The Choice to Make Choices
We have a number of weddings coming up in my congregation. Therefore, I thought it would be wise to address the glaring contradiction that exists between a widely-held Jewish belief about marriage, and a fundamental aspect of Jewish faith.
The Talmud (Sotah 2a) makes a startling statement about the inevitability of spousal identity: “Forty days before an embryo is formed, a divine voice declares: ‘this person’s daughter is destined to marry that boy.’” Jewish folklore refers to this marriage predetermination concept as “bashert” — the Yiddish word for “destined.”
In other words, no one should ever have to remain single; all we have to do is find our “beshert,” marry them and live happily ever after.
To say that this idea is theologically problematic rather understates the glaring issues that it presents — issues that undermine the very basis of our faith system.
For example, just look at a section of Shoftim, which talks about military exemptions. One exemption criteria is framed as follows (Deut. 20:7): “who is the man who has become engaged to a woman, but has not yet taken her as his wife — let him go and return home, lest he die in battle and another man shall marry her.”
Maimonides, in his famous letter to the 12th century Italian convert known as Obadiah the Proselyte, refuted the notion of “beshert” by citing this verse from Shoftim.
Why, Maimonides asks, would a man who is engaged to the woman he is destined to marry be fearful of being killed in battle and replaced by another man? Surely, says Maimonides, if the meaning of the Talmudic passage is that his fiancé is destined to be his wife even before her birth, no other man could ever marry her. Why, therefore, should he be exempted from military service?
To reconcile this apparent contradiction between scripture and Talmud, Maimonides advances the idea that the Talmudic passage about “beshert” cannot be taken at face value, and must instead be interpreted as referring to the potential that exists for reward and punishment — a potential that God sets into motion even before a person is born.
According to this approach, someone who is deserving of reward will merit the husband or wife who will be their agent and partner for a wonderful life, while the opposite will be true if their behavior falls short. The point is, all the options are already in place before one is born.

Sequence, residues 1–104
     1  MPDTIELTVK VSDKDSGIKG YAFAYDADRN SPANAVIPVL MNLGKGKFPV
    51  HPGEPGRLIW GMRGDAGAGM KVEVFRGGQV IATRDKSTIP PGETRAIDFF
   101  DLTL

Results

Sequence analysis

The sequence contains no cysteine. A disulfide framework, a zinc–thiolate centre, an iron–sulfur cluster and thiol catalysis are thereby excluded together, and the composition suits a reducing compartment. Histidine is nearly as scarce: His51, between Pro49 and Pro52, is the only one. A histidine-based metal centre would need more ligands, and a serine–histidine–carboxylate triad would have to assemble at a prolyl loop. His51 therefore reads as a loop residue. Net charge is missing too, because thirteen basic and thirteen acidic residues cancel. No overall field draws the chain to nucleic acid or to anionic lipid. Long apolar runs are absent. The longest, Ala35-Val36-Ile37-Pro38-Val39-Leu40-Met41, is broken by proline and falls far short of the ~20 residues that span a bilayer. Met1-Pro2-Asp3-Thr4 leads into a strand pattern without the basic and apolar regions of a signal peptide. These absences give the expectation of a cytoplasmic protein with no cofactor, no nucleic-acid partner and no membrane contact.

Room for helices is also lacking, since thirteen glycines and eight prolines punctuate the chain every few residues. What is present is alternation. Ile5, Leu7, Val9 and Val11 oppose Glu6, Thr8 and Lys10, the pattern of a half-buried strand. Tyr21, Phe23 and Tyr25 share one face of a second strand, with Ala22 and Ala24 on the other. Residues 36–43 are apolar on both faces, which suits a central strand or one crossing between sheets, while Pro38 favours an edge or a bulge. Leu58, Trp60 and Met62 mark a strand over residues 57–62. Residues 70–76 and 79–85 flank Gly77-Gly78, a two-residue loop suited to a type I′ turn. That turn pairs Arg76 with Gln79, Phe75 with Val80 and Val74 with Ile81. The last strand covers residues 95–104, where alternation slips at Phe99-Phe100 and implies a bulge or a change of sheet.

Maimonides goes even further in his refutation, by quoting an alternative Talmudic source that is a cornerstone of Jewish faith — and turning it on its head. In Berakhot (33b), the Talmud declares that “everything is in the hands of Heaven, except for the fear of Heaven.” Like so many other Talmudic statements, what seems to be a simple idea is actually very profound. The key to understanding this particular statement lies in accurately defining the exception. What is included in the “fear of Heaven?”
Maimonides, being the great rationalist that he was, refused to accept a notion that includes literally “everything” as being in the “hands of Heaven.” If that were true, he says, it would wreck the entire concept of free choice.
Consequently, the exception to the rule — “fear of Heaven” — turns out to be a much broader category than the basic translation implies. It includes your marriage and all your relationships; it includes your livelihood, your home, your time management — in fact, it includes anything that relies on choices that you make. Because who we choose to marry, and how we choose to live our lives, all falls under the rubric of ensuring that our relationship with God is on the right footing — a process that requires the careful and proactive calibration of our “fear of Heaven.”
The tension between determinism and free choice has vexed philosophers and theologians for millennia. Particularly in recent years, when we have begun to explore and understand the world of biological and psychological determinism, we have been forced to deal with the weight of inevitable consequences and our limited ability to counteract them. And yet, it is in this limited arena that our “fear of Heaven” — namely, our relationship with God, can really come to life.
As we approach the High Holidays, the period in our calendar during which we focus on our choices over the last year — and the choices we intend to make for the next — it would help for us to reflect on the fact that it is in the arena of choice that we truly define ourselves.
The realization that we have the choice to make choices is a critical component of ensuring that everything we do never becomes a product of fate. Rather it must be the result of considered reflection and our own willful actions.